3 grades of finish, with the base model, rear-wheel drive (RWD) SR5, 4 cylinder, starting at $28,355. You can also buy a V6 SR5 with RWD ($30,030) or AWD ($31,770). The best offroad equipment is found on the Trail version which retails for $36,555, and includes a locking rear differential, crawl control and hill start assist for those forays to the Rubicon Trail. If you want your 4Runner loaded with luxury, opt for the Limited model, in either RWD form ($38,620) or AWD ($40,655). Whichever you chose, you can rest assured that you are buying one of the most potent go-anywhere vehicles still available in a world that has mostly succumbed to offering cars that only look like trucks. 2010 TOYOTA 4RUNNER TRAIL 4x4 V6 ENGINE: 4.0 liter, DOHC 24 valve V6 HORSEPOWER: 270hp TORQUE: 278lb.-ft. FUEL CONSUMPTION: 17 city MPG, 22 highway MPG PRICE AS TESTED: $40,874
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*Fuel economy figures for Jetta TDI Clean Diesel Sedan with automatic transmission: 38 city/44 hwy mpg based on AMCI-certified testing. AMCI combined estimate is 41 mpg. 29 city/40 hwy mpg based on EPA estimates. Your mileage may vary. Visit vw.com for more details. All vehicles subject to prior sale, plus government fees and taxes, any finance charges, any dealer document preparation charge and any emission testing charge. 1007075-DBV-SNT-5.75x5.75.indd 1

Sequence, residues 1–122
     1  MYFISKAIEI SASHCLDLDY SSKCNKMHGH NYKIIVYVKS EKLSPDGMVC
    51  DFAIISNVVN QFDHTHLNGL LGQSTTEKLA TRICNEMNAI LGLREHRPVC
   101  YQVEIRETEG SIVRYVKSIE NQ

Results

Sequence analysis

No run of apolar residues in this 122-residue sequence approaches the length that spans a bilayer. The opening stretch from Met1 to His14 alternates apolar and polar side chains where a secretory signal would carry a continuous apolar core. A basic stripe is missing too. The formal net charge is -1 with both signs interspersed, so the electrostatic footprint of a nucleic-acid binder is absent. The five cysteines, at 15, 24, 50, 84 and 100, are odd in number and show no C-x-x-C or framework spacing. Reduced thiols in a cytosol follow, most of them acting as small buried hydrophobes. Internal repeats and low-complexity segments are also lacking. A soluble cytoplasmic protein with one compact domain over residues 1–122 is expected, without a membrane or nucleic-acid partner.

7/12/10 4:04:58 PM
The valley SenTinel
Danville Senior Sneaker Trips The Town of Danville’s Senior Sneakers program is a great way to get out and around the greater Bay Area. Senior Programs, Town of Danville: 420 Front Street, Danville, CA 94526 – Call Jenn Overmoe, program Coordinator. (925) 314-3490 September 8, 9am-4pm USS Hornet Aircraft Tour A docent-led tour takes you throughout the historical aircraft where you will see exhibits of WWII, Vietnam and the Apollo moon mission. Cost: $36 resident, $43 nonresident. Price includes bus transportation, tour and lunch. September 28, 10am.-4pm. Napa Valley Wine Country Tour Explore the Napa Valley and visit a few of its well-known wineries, all while taking in the magnificent fall colors. Cost: $69 resident $83 non-resident ( n o n - re f u n d a b l e ) . P r i c e includes bus transportation, winery tours, lunch and gratuity. Wine tasting is not included in the registration cost. October 8, 12pm-6pm Fleet Week Cruise Join us aboard the: “Celebrations on the Bay” for a preview of fleet week’s annual show. See a practice air show featuring the Blue Angels. Cost: $52 resident, and 462 nonresident (nonrefundable). Price includes bus transportation, cruise and lunch. October 14, 8:30am.4:30pm. San Francisco Victorian Homes Tour We will visit three of the best Victorian homes in San Francisco. We will also see